The Coronavirus pandemic has thrown into sharp contrast to the damage caused by the division between health systems and social care but also the fragmentary nature of the social care system. The problems we identified and addressed in this paper include inefficient visibility and use of available resources, glaring unfairness, poor co-ordination between health and social care services, inability to recruit and retain sufficient staff, risk of the financial collapse of major care homes, and the inability of the care provided to allow people to maximize their potential. Once one considers health and social care as a single integrated system, new solutions become apparent that would better meet the needs of the individual, redress the profound unfairness that exists and make more cost-effective use of national and household finances.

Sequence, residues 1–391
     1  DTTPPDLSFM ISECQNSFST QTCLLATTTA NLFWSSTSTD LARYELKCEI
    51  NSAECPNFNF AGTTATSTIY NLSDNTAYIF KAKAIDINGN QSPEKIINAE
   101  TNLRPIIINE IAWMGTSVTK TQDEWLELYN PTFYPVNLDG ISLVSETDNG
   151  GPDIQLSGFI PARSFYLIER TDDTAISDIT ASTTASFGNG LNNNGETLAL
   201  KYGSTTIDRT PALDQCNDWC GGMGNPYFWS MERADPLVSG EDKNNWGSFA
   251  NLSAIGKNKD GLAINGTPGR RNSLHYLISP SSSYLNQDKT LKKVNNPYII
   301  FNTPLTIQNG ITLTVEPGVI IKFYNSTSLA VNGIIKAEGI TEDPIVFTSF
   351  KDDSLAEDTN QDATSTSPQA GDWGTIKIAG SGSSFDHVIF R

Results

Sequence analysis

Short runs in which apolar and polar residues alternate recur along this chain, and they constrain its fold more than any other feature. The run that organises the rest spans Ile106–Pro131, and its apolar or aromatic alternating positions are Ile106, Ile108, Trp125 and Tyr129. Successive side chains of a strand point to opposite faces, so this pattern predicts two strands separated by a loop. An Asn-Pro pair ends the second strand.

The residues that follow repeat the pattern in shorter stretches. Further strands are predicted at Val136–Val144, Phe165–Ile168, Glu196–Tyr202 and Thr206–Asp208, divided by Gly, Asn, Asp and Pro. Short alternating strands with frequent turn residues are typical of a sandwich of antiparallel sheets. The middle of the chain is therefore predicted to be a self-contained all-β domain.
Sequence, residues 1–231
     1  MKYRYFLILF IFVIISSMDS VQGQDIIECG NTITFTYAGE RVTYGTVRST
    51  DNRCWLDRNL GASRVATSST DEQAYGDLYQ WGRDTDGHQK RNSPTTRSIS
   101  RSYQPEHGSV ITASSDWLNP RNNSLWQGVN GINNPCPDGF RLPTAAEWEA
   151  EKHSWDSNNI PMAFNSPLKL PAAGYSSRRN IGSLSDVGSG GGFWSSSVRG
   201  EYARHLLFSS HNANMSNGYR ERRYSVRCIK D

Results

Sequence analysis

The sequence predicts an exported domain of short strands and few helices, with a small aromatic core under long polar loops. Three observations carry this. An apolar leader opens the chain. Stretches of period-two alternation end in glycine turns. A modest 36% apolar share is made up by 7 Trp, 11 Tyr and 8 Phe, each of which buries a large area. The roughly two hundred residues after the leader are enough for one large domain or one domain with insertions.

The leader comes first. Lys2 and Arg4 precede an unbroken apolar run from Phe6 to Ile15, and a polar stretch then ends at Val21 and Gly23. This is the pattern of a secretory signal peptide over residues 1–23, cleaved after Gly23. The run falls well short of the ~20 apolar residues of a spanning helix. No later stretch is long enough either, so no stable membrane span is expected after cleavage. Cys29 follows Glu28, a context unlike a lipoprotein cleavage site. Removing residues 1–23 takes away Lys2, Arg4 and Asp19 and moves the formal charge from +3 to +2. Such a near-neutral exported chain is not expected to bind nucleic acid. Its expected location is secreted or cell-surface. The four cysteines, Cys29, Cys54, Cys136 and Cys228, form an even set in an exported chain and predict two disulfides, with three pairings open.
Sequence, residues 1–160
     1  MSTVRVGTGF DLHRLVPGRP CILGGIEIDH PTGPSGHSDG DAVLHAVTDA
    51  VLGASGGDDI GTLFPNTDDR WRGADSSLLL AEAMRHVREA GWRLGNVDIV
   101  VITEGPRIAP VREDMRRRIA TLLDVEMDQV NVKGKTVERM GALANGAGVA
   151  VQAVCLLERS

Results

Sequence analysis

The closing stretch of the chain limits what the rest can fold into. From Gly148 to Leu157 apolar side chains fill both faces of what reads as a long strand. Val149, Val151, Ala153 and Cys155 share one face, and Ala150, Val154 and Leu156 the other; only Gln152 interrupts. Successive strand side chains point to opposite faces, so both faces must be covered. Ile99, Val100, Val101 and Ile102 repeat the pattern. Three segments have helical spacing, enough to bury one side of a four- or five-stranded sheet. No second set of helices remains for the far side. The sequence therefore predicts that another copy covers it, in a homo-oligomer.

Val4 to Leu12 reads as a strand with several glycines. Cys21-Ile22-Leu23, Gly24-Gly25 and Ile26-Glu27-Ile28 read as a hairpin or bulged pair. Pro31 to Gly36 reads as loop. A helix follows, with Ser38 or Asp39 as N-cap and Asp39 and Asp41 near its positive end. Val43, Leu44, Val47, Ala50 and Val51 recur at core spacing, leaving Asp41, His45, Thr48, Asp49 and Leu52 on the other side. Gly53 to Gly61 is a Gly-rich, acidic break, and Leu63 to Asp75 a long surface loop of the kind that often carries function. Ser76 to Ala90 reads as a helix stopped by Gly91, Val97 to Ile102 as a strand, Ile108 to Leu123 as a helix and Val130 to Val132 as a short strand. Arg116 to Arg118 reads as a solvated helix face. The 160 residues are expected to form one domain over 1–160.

A recent Ipsos survey revealed that people rated care for older and disabled people as third after Brexit and NHS and higher than the economy, education, and housing. In a foreword to a recent document, Jacob Rees-Mogg MP wrote “Every Member of Parliament will be aware of the deep unfairness inherent in the country’s health and social care provisions”.
It is our belief that we now have the ideal moment to enact fundamental changes to bring about a fair, efficient, and integrated national care service.
This document has been submitted as evidence to the House of Lords Select Committee on Public Services. The full paper will be available only after the results of the committee are published.